Earlier this month, United Way Services of Greater Cleveland shifted $268,000 in Boy Scout donations to the Learning for Life program, said Mike Benz, president of the local United Way organization. The program will be taught in Cleveland, Bedford and Lakewood public schools and teaches children to apply classroom lessons in their everyday life.

        Susan Lewis, spokeswoman for the Greater Cleveland Council for the Boy Scouts of America, said shifting the money to a Boy Scout-affiliated program was a good compromise. She said her chapter will try to shift around other donor money to make up for losing the United Way funding, which accounts for about 14 percent of their budget.

Drunk driver gets 12 years for fatal crash

        LEBANON — A 37-year-old Lebanon man with a record of five drunk driving convictions was sentenced Thursday to 12 years in prison for a crash that killed a Springfield Township woman.

        The sentencing came a month after a jury found Shawn Abbott guilty of aggravated vehicular homicide and aggravated vehicular assault in the Jan. 6 crash that killed Ruth Corbett, 77, and seriously injured her daughter, Susan Corbett, 50, of West Chester Township.

        Prosecutors said Mr. Abbott was drunk when he drove his pickup truck across the center line, grazed another southbound car and hit the Corbetts' car head-on at U.S. 42 and Keever Road.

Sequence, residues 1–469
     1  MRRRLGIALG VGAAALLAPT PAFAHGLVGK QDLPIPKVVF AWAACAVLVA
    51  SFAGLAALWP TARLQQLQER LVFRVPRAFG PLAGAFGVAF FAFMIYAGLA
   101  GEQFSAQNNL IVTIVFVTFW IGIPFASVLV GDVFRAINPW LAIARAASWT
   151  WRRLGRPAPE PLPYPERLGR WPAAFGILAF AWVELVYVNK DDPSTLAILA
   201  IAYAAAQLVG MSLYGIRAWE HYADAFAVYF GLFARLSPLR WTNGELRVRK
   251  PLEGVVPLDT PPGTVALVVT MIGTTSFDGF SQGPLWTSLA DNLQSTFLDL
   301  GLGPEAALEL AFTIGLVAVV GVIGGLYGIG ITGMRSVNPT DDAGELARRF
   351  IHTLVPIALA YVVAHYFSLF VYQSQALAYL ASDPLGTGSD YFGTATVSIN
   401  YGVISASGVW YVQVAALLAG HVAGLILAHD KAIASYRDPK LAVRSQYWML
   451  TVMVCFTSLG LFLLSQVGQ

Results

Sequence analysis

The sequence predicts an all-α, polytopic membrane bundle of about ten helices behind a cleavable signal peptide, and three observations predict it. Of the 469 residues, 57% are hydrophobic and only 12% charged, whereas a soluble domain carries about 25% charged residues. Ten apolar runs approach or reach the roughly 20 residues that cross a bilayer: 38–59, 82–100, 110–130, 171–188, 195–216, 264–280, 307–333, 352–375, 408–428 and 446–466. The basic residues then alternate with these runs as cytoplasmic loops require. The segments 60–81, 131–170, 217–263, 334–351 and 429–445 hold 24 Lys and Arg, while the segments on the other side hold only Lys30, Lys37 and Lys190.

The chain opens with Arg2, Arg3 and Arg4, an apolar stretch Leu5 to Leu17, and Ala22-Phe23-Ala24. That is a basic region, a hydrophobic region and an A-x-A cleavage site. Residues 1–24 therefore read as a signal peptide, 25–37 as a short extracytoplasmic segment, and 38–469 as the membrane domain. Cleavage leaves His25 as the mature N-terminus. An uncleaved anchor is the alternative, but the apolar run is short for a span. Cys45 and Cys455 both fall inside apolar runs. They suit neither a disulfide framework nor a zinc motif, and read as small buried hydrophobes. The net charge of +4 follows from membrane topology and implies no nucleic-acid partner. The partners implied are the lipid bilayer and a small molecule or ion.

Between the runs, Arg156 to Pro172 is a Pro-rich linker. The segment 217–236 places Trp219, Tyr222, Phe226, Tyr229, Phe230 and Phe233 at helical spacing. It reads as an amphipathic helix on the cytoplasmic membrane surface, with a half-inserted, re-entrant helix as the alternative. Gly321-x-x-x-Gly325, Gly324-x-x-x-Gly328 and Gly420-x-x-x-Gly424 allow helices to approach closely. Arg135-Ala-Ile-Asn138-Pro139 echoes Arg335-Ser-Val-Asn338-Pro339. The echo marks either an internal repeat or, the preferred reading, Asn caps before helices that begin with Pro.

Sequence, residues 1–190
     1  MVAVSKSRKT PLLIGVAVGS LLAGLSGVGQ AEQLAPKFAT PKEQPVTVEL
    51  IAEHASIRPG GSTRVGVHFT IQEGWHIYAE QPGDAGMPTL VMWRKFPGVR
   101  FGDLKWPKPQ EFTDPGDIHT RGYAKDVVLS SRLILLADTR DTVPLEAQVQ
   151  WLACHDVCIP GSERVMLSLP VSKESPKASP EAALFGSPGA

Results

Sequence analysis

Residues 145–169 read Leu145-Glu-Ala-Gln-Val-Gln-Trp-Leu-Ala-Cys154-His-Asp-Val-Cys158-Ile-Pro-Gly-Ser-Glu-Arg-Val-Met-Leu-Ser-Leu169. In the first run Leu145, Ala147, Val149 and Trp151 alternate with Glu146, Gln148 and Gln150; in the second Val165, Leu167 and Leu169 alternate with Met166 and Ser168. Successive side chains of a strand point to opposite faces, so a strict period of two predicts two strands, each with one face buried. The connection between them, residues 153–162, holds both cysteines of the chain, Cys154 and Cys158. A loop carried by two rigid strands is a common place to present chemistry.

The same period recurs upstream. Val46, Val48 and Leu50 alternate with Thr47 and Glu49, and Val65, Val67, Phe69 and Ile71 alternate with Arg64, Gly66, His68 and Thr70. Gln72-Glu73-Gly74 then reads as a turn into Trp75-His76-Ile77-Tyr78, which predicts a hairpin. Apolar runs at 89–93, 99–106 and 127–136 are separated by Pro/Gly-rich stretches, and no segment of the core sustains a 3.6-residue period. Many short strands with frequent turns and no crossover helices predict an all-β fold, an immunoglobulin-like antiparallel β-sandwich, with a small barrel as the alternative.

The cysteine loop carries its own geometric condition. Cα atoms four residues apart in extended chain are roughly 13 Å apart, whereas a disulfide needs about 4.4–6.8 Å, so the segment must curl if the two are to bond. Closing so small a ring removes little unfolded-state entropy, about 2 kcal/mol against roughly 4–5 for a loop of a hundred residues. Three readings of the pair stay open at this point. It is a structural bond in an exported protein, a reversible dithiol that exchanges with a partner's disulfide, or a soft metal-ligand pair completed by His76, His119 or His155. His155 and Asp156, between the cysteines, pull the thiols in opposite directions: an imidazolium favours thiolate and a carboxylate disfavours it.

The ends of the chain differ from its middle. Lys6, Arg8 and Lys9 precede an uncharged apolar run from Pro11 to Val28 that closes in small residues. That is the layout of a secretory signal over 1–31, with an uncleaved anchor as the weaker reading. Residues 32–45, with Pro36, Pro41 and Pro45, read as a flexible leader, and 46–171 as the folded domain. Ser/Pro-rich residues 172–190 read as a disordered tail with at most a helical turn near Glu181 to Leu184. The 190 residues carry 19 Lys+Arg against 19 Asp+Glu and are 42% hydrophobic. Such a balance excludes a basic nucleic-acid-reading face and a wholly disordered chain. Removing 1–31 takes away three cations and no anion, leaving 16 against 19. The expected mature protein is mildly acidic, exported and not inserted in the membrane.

Aquatic playground almost completed

        DELHI TOWNSHIP — A small aquatic playground at Delhi Township Park, 5125 Foley Road, is nearing completion.

        "It will be ready to go early next year,” said Parks Superintendent Howard Whitson.

        The playground is a spray-mist area of about 30 feet by 30 feet and cost about $48,000. It was funded by the township's parks levy, the superintendent said.

        When operational, the playground will be on a timer to allow water flow at certain periods during the day. Sensors in the playground floor will activate the water activities. The playground design and size is geared for children around 8 years old and younger.

       



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Affirmative action supported
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Cities tighten financial belts
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Victim's family sues coal companies